Q: Which of the following two views about the future of mobility do you subscribe to: The disrupter view that says the change will soon become unstoppable, driven by technology and new stakeholders, or the insider view that says the industry will evolve naturally and incrementally?

Fleck: I have a disrupter outlook on the future of mobility. The new convergence of changes and thinking on mobility, autonomy, and electrification will fundamentally transform the automotive industry over the next 15 years.

Q: To support new mobility, infrastructure (roads, traffic signs and control devices, energy supply) and regulations will have to be upgraded. Do you think bureaucracies will be able to keep pace with the AV advances?

Fleck: At our recent event, several members of the Congress joined us for their first self-driving car ride. Similarly, for public acceptance, it’s important to provide readily-available information and hands-on experience to individuals involved in policy-making. Technology is rapidly advancing, so the entire AV community needs to ensure that data surrounding safety and progression is properly dispersed.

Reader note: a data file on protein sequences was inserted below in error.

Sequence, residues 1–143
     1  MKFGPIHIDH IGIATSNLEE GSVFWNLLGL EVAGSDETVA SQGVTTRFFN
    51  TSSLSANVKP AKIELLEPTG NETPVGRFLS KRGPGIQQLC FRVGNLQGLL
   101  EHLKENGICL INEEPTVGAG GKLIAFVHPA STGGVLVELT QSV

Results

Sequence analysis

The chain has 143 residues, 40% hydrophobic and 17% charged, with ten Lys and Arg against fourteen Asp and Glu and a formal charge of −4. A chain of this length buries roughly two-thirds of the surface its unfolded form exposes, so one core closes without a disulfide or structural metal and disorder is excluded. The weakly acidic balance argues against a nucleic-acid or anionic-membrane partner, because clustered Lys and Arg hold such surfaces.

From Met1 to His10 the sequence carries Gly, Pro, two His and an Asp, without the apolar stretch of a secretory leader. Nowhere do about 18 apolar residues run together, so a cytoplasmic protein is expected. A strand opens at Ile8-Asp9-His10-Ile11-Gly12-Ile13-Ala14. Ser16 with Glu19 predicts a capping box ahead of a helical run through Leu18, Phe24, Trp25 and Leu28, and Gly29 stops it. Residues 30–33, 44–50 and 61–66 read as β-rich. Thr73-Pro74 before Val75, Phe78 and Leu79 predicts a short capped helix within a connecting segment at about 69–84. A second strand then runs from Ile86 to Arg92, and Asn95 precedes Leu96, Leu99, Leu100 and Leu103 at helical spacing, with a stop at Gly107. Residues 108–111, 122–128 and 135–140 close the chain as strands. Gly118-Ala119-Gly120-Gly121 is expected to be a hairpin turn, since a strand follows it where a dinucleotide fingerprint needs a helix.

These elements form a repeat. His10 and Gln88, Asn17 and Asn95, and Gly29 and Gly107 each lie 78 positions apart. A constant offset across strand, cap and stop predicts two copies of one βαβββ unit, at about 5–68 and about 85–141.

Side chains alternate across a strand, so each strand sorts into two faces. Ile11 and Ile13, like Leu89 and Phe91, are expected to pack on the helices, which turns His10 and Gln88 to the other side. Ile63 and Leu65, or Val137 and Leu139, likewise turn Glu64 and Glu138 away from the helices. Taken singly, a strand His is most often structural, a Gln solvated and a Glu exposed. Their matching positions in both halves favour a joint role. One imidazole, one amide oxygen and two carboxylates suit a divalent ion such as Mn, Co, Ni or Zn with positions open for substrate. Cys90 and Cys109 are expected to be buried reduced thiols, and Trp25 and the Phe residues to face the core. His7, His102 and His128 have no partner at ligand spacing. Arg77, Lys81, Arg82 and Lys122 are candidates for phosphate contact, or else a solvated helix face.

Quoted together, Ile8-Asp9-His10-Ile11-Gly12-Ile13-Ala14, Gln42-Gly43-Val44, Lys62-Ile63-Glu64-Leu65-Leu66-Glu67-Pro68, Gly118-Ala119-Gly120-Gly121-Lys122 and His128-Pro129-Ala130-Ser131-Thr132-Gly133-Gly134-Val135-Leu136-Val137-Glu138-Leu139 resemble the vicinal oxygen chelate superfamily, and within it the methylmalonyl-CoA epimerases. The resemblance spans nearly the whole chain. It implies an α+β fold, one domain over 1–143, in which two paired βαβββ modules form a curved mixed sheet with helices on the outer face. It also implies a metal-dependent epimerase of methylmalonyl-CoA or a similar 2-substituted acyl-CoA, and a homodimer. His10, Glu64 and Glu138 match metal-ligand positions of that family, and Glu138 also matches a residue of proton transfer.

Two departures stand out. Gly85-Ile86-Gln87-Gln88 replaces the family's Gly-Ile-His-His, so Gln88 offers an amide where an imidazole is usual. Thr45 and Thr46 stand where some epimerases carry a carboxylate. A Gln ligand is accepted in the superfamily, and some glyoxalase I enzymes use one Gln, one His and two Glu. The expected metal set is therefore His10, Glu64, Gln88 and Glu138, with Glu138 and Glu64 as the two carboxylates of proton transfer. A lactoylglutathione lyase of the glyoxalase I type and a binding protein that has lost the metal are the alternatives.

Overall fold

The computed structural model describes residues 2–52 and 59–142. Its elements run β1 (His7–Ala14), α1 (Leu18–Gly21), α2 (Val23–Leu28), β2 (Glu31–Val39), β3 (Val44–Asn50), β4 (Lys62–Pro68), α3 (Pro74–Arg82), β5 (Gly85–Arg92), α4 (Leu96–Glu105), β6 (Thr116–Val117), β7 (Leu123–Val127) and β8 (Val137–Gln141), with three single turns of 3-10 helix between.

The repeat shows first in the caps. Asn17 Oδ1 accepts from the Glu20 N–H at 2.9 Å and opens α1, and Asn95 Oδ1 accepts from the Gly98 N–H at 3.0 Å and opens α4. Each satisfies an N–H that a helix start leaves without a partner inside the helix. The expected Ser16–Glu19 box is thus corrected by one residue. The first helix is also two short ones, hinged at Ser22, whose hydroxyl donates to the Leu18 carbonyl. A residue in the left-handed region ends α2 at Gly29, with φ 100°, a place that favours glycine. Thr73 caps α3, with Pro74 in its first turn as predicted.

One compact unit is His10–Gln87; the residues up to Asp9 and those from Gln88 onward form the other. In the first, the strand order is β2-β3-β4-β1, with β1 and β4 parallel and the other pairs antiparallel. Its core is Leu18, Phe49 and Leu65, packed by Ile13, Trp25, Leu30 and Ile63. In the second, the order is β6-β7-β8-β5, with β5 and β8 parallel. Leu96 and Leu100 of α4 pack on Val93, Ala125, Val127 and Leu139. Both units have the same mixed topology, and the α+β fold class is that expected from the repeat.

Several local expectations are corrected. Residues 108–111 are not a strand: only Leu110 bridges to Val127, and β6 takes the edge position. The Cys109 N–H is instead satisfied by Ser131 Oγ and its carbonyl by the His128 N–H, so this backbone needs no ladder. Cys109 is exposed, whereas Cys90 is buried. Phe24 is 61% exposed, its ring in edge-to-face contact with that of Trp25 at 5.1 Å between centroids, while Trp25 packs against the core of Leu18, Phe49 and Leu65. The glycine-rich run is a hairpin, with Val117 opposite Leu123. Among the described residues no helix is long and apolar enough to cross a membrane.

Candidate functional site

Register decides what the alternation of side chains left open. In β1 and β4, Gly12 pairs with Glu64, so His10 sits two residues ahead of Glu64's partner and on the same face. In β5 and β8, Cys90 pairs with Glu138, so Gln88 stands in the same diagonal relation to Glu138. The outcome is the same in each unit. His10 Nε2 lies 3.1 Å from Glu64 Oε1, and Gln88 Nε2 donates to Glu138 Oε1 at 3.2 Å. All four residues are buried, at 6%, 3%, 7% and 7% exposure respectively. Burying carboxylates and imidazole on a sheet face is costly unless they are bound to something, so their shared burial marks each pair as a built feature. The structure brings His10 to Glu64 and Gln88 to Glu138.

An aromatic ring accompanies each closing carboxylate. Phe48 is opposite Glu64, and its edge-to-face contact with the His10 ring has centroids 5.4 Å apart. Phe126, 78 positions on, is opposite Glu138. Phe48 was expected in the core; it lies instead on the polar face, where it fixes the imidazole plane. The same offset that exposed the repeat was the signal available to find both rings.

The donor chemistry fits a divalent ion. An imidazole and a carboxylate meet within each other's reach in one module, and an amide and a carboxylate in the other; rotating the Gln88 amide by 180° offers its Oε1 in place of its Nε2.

Q: Do you see future vehicle mix to change, such that people will only own specialty vehicles and depend on ride-hailing and fleet operators for commuting needs? Similarly, automotive OEMs face momentous and difficult decisions for the future. It is believed that they will have to become an ‘end-to-end’ mobility services provider, rather than ‘make-and-sell’ companies. What do you foresee happening?

Fleck: The share of individuals who use ride-hailing services has been increasing dramatically. These service providers will need to be on the forefront of autonomous vehicle adoption. Dataspeed has recently established several new partnerships with mobility-as-a-service (MAAS) companies who are already testing and gathering data on public roads. As MAAS providers incorporate autonomy as part of their business plans, a larger percentage of automakers’ sales will be B2B.

Q: How will the auto parts business change going from internal combustion-powered vehicles to electric vehicles?

Fleck: Traditional Tier-1 and Tier-2 suppliers in the powertrain industry will need to rethink their core business offerings to align with the reduction in IC engines. The AV industry is keen to build on forward-focused engines with preference to hybrid and electric models, so auto parts businesses will need to adapt to this development preference.

Q: If you were a parts supplier for current market vehicles, how would you modify your business growth plans to survive and grow in the AV era?

Fleck: The autonomous vehicle industry is a tight-knit community. It’s critical for players in the space to collaborate and support other developments. It is advantageous for OEMs to partner with technology companies to allow access to certain vehicle design components for further AV development. In turn, OEMs can gain invaluable data about their component’s operational characteristics during this AV research and development phase.